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Food Handling & Sanitation - How Are You Doing?

This blog will teach you about general food handling and sanitation including handling raw and cooked foods.  I’ll give you some general tips you should always have in your mind when prepping and cooking your next meal.

 

Wet, Soap, Lather, Rinse, Repeat

One of the most overlooked sanitation / handling strategies, in my opinion, is hand washing.  Sure everyone goes into the kitchen and gives their hands a quick rinse, maybe even a squirt of soap and a quick lather, but this is not sufficient.  

 

Proper hand washing isn’t all that difficult or time consuming, it just requires a bit of attention and care.  The standard method recommended by Toronto Public Health, as well as every professional kitchen I have ever worked in is this:

 

 

  • wet your hands with warm water

  • apply soap

  • lather for a minimum of 15 seconds, taking care to get between the fingers, back of the hands, fingertips and under the nails

  • rinse well

  • dry with paper towel or under hot air dryer (clean kitchen towel is also acceptable here)

  • turn off taps with paper towel, not bare hands (to avoid recontamination)

 

Is that so hard?  Thought not.  Neither is changing a Band-Aid, or wearing a glove over any healing cuts, scrapes or bruises on your hands.

 

Kitchen Towels a.k.a. Bacteria Cozies

Another big mistake people often make is using that kitchen towel that has been kicking around for most of the week, the same towel you dried dishes with on Monday, wiped up a coffee spill on Tuesday and dropped on the floor and picked right back up and continued to use on Thursday.  No matter how good your hand washing routine is, it will all be for naught if you use that nasty old kitchen towel on Sunday.  I know you have a clean one in the drawer… so if there is any doubt in your mind about how long it’s been since your kitchen towel went through the wash, just put it in the hamper and take out a freshly washed one.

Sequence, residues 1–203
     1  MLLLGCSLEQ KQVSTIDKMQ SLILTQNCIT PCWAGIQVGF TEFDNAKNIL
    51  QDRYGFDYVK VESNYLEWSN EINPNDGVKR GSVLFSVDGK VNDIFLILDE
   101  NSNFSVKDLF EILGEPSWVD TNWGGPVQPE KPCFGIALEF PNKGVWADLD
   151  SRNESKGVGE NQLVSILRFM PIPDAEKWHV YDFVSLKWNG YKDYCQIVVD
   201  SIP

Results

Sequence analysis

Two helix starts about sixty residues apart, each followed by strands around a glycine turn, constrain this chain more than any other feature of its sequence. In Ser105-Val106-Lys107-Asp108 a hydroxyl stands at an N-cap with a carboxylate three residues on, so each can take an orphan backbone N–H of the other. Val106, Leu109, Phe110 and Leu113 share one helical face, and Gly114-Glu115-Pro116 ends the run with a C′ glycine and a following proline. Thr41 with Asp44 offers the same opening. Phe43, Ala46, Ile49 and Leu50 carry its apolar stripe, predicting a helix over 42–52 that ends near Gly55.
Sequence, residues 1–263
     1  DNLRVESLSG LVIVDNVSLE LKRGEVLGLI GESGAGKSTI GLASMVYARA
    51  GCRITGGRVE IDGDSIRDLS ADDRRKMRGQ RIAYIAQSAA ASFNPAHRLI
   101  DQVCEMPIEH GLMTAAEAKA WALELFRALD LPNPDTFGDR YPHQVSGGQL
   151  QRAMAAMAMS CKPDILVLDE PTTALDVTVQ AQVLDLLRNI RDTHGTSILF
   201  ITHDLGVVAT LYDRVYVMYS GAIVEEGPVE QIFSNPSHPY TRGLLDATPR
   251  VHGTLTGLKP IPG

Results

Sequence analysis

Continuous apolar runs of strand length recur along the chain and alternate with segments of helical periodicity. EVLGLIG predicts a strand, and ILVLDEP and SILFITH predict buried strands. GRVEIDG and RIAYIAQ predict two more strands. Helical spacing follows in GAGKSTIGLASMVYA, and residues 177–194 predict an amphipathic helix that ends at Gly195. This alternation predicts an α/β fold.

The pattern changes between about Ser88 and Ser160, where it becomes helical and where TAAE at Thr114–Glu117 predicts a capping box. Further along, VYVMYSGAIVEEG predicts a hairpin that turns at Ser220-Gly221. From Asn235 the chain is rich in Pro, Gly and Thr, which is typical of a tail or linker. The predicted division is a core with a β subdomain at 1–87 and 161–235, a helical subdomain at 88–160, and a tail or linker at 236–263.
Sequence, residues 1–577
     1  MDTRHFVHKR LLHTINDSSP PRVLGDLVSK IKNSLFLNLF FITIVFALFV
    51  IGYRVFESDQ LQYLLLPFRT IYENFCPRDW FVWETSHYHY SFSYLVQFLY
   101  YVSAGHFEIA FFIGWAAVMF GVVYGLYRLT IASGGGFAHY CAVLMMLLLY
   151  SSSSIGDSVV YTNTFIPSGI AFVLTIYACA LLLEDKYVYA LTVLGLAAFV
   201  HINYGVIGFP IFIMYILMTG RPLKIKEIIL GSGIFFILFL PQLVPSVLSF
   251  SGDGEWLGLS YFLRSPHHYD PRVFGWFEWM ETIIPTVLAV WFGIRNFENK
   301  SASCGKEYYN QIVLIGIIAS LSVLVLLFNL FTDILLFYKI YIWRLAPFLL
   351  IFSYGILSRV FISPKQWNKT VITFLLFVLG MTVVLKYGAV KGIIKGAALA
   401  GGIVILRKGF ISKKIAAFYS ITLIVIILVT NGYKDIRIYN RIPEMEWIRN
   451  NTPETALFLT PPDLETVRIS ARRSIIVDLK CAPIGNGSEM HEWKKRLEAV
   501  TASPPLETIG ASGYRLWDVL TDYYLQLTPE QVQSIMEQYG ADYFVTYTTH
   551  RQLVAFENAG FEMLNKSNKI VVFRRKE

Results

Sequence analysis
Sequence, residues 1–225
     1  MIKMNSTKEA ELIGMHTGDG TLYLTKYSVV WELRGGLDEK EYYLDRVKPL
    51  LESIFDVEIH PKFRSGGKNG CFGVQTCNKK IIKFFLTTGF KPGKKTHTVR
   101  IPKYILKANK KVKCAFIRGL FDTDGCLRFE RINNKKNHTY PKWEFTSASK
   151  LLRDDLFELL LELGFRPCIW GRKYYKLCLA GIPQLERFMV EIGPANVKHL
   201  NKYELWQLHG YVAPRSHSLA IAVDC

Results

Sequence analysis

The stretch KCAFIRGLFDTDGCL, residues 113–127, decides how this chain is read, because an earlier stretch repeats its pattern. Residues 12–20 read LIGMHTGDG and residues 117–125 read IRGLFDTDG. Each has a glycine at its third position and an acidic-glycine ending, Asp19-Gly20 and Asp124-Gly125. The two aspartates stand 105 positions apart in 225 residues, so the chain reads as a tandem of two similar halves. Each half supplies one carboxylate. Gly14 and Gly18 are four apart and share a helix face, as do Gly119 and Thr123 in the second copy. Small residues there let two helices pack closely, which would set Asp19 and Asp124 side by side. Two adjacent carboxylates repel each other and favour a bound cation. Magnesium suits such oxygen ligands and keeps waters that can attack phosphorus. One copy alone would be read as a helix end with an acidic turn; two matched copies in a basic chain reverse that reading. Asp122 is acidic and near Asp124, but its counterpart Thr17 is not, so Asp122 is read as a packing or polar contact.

Work Station Sanitation

Next up, sanitation of your work areas and equipment.

 

Although a good wash in hot water or run through your dishwasher is sufficient to clean your equipment and kill most harmful bacteria you are likely to encounter in your home, there is another step which is pretty much the only way to 100% guarantee that you are bacteria free.  Sanitizing.  

 

Sanitizing can be done easily at home by preparing a solution with a strength of roughly 100 ppm (parts per million).  This can be done by:

Mixing ½ teaspoon of regular strength bleach with 1 liter of warm water (multiply as much as necessary).  Soak utensils, cutting boards and other equipment in this solution for 2 minutes, then remove / drain and air dry.  You can purchase test strips at your local kitchen supply store to measure the strength of your solution before you give your equipment the plunge.

 

Be Nice To Your Food

When it comes to physically handling your food, I hope most of this is common sense, but here goes…

 

Firstly, be gentle.  Raw meats and seafood especially are prone to bruising / softening, even after death.  I know sometimes you want to tenderize your meats, but beating it up or bruising it is not the way to go about it.

 

Secondly, make sure you are preparing your foods in a sanitary environment.  Wash your hands and equipment often.  If possible, have a separate cutting board for seafood, meats and veggies.  If you cannot reasonably have separate boards, make sure you clean your board well between uses, and never put cooked foods on the same surface as raw foods.  The same goes for knives, wash often and well.

 

Finally, be aware of the temperature.  While it is often wise to let meat and some seafood products come to room temperature before cooking, don’t let them sit around for hours (or longer) as this gives bacteria the perfect environment to multiply and thrive.  This is especially true when it comes to defrosting frozen meats.  Don’t just let sit in a sink of tepid water for a day or two (often done with the Thanksgiving or Christmas turkey).  Also, don’t let it just sit on the counter.  While the inside of the food may still be frozen, the outside is likely thawed and in the “danger zone” when it comes to temperature (the danger zone is between 40°F - 140°F or 4°C - 60°C).  

 

Proper defrosting methods are in the fridge, microwave, or under COLD running water (even just a very small dribble from the kitchen tap is sufficient, as long as its cold).

 

That is all for this post.  Feel free to leave comments below, or share via your favourite social media site! 

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